Consumers in China’s lower-tier cities are spending more on baby and maternal products while showing more of a willingness to buy compared with residents of first- and second-tier cities, and this presents opportunities for industries such as infant formula, children’s clothing and education, a new survey found.
Despite having only about half the income as consumers in China’s upper-tier cities, those in lower-tier cities have been sparing no expense on children’s products with a slightly higher average annual consumption per capita than consumers in upper-tier cities, a survey by consulting firm OC&C showed on Tuesday.
Conducted in March, the survey covered about 1,800 consumers in Guangdong and Henan provinces and Shanghai municipality, with a majority of participants being from China’s lower-tier-cities.
Comprising over 70 percent of China’s population, consumers in third- and fourth-tier cities became a significant growth engine of some industrial innovators like Pinduoduo, which gained momentum in China’s lower-tier cities with its group purchase platform.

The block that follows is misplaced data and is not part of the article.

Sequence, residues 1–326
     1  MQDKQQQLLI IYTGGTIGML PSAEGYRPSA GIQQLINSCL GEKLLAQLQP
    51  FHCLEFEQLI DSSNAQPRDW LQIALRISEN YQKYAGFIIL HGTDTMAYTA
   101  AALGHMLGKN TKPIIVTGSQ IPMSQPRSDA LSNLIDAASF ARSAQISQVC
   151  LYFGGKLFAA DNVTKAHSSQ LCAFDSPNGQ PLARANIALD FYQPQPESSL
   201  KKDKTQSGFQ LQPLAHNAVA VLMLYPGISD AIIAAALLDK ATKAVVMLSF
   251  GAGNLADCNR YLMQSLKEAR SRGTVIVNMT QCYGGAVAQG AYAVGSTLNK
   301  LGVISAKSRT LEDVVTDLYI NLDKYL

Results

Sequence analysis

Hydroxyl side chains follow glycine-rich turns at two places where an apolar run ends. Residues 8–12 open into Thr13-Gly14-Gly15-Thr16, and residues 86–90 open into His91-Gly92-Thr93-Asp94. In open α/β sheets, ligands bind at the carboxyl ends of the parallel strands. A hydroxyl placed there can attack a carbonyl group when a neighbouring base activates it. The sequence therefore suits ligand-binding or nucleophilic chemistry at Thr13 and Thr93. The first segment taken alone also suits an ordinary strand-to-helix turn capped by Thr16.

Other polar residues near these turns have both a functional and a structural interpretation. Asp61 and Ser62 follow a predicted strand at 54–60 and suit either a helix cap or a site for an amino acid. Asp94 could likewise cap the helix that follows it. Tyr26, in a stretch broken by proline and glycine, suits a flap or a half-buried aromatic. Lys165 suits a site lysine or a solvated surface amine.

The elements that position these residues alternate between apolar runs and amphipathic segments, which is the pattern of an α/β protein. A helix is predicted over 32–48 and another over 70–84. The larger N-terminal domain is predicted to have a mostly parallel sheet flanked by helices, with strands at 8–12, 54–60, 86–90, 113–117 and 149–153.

When it comes to spending, consumers in lower-tier cities are more family-oriented compared with consumers in higher-tier cities. In addition, they are seeking social recognition and status symbols through shopping, said Veronica Wang, a partner at OC&C Strategy Consultants.
The survey revealed that consumers in lower-tier cities showed an increasing willingness to buy entry-level luxury products and they are more accepting of local brands and small brands because of their income limitations. Meanwhile, compared with consumers in upper-tier cities, those in lower-tier cities are more affected by the latest craze promoted by “key opinion leaders” and bloggers on social media, and therefore their brand loyalty is rather low.
OC&C believes that lower-tier cities provide business potential for business in cosmetics, skincare and entry-luxury products considering the consumer behaviors and willingness.
However, global luxury brands will still be cautious about opening brick-and-mortar stores on the Chinese mainland, especially during the COVID-19 pandemic, Wang said, adding that the luxury brands are likely to expand online sales channels to embrace consumers as Chinese consumers, in general, are used to relying on multiple channels to do shopping.
As some young people choose to return to lower-tier cities to work and live, their consumption behaviors and habits were brought along to these cities. It is expected that consumer behaviors of the two groups will gradually converge, Wang said.
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